Initiatives, decisions, and planning
06 July, 2012

There's a new government, which is always a good time to think about how to improve the way the government of Georgia does what it does.

 

I am not talking about what it does but how it does whatever it has decided to do. The new prime minister has named three policies: health, agriculture, and jobs.



From early on in the post-revolutionary period there have been several advocates of a libertarian ideology that alleges that it is dangerous for the government

to address issues such as these. Certainly the reluctance to regulate business or anything else is understandable particularly in a post-soviet county, but an ideological anxiety about regulation is silly. Regulation is not good or bad; it simply is. By prioritising jobs in the way the government has, there is now an official recognition of this. This doesn't mean that Georgia is sliding into socialism, there is certainly still a healthy skepticism about state interference in the economy. But moving past libertarian ideology will be a great help in developing Georgia and making sure that development reaches everybody.



The problem the government has had with health and agriculture is too many initiatives and not enough decisions. The main reason that there have not been decisions about health and agriculture is disagreement among the leadership about what to do and anxiety about the political consequences of the decisions that need to be made. Those are bad reasons not to make decisions about these or any other sector. A good way to make some decisions is to show what these sectors should look like beyond the political horizon, say in ten years. How many hospitals will there be, how many doctors, how many nurses, paid by who, how many farms and of what size, growing what, selling to who? If the leadership could agree on exactly where the sectors are going in the long term, then the planning becomes much easier because you are only looking at intermediary annual targets. If on the other hand you don't know where you are trying to go, or that is not publicly available, then policymaking is stuck in the swamp of frequent and periodic initiatives that never seem to deliver what was envisioned at the start and are never measured.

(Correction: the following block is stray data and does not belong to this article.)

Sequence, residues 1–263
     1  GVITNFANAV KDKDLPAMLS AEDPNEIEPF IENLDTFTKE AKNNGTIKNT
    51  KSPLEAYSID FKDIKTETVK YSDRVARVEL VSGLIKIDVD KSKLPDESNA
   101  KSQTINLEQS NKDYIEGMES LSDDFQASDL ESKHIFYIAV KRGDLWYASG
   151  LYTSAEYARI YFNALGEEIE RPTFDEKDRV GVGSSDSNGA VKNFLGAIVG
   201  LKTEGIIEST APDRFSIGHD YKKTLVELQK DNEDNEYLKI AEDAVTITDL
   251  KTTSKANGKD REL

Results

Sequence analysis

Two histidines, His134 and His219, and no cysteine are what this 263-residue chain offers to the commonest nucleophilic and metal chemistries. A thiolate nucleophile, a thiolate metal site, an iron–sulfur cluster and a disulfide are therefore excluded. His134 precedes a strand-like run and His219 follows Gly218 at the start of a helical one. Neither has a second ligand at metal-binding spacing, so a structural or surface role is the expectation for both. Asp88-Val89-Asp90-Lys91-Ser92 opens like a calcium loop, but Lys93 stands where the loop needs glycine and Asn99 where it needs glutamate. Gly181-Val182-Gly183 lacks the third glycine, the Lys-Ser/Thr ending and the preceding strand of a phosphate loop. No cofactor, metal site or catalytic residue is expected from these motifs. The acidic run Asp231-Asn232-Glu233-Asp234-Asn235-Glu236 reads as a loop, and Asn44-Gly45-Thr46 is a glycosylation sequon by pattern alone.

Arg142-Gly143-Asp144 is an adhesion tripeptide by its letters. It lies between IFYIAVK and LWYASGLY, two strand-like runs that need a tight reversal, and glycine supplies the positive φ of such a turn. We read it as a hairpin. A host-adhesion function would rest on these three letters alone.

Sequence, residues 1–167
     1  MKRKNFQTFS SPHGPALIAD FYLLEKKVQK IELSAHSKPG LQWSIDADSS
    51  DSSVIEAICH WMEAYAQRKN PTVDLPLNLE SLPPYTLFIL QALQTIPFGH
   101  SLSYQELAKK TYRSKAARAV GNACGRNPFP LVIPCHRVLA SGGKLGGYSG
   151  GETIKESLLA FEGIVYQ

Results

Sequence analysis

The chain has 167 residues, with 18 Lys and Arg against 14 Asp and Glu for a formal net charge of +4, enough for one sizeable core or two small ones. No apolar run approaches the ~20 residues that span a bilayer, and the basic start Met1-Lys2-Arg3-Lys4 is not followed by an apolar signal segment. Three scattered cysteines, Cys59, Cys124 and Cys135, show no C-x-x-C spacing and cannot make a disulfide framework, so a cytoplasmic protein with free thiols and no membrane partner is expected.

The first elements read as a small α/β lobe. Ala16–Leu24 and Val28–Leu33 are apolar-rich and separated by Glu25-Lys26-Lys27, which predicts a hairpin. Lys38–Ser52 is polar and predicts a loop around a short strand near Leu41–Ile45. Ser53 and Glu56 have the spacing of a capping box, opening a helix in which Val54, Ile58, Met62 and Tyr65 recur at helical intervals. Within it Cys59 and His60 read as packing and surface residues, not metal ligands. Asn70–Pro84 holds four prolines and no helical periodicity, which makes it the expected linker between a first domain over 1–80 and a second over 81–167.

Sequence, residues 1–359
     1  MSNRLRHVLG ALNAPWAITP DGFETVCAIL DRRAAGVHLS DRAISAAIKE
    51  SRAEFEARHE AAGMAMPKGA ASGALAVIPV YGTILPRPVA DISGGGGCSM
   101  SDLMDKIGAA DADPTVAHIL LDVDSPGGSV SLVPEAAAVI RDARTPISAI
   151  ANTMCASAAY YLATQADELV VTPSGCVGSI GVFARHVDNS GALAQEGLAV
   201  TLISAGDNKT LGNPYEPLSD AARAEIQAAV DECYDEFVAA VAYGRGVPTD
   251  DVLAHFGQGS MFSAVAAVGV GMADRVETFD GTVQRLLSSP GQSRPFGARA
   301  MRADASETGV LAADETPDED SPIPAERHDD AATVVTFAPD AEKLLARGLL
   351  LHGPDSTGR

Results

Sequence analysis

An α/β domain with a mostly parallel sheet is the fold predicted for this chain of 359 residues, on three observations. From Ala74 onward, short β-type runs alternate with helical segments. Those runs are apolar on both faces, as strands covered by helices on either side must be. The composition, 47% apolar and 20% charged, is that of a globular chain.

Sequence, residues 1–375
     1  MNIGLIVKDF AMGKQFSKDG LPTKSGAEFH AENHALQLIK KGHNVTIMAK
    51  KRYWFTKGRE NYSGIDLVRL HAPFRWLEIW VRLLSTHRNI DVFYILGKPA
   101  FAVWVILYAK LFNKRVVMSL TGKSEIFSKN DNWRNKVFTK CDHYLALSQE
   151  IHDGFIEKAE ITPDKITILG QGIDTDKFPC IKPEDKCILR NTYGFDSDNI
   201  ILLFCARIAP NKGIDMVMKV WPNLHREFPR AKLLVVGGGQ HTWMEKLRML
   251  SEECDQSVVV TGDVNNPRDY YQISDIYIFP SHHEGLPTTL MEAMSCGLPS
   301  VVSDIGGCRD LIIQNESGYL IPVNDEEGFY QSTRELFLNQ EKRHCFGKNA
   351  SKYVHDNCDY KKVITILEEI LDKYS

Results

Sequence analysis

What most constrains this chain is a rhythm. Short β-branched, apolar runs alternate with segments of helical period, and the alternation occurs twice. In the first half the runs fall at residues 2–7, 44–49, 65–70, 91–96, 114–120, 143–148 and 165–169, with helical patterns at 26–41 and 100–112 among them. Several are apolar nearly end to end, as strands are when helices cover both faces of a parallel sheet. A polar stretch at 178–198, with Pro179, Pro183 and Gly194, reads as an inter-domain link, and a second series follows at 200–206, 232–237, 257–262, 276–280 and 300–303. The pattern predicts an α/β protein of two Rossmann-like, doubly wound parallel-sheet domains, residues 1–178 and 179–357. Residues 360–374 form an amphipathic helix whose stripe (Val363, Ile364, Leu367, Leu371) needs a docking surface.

There is a bad habit of this government to keep the decision making private and to unveil initiatives after they are designed by a small number of people. A public discussion of these topics would be a good idea. The government could signal that it would be interested to have a long term plan of ten years, that it would be interested in a public discussion of what Georgia should look like in 2022. That would give all the different constituent groups and internationals with opinions a conduit to engage in that discussion. This would also be a good way to see how the sectors and ministries interact with each other which has been another traditional challenge for this government. Because once each ministry drafts what it wants Georgia to look like in 2022, then the discussion can begin about whether they fit with each other.

 


Georgian families pay a great deal for healthcare. Currently the government policy is a fairly passive copy of the American system of employer based health care. But among wealthy countries, the American system is the most expensive as a percentage of GDP but worst in terms of public health outcomes. The system came about during the second
world war and nobody who had the luxury of designing it from the beginning would want to copy it. The countries who have had successful outcomes all have the same system of basic care being provided by the government or some entity heavily regulated by the government and then private care for those who want more than that service.



The complex question with agriculture is who does it serve? The farmers, the consumers, the overall economy, the environment, or agricultural investors? The answer is of course all of them, so their interests must be considered and balanced and this is not easy. Choices have to be made and each of those constituent groups must have a voice in the policy design.



As for jobs, we need to decide what kind of jobs. Early comments indicated that the government wants to use infrastructure as a way to employ people. This of course has the benefit of employing people while ending up with a bunch of roads and bridges. But there are also programs for state funded security guards, and others that more or less simply hand funds over to people, for not doing very much. The difficulty is that this costs lots of money so although popular before elections is often not the best long term solution. The reality is other than simply handing money out, the government doesn't have much of an ability to create jobs. That isn't job creation anyway, its charity.



What Georgia needs more than anything is new bussinesses and entrepreneurship. This has been a traditional weakness of southern Europe and strength of the nordic countries and north America. The best thing the government and particularly the new Minsitry for Jobs could do would be to create and protect new small businesses.
Currently the experience of the minister and the statements of the new prime minister related to infrastructure and those projects are great. But it will be of equal long term importance if the ministry directly addresses the interests of small businesses as well. Because in fact that is where most of the jobs are now and it is where most of the new
jobs will come from.

 

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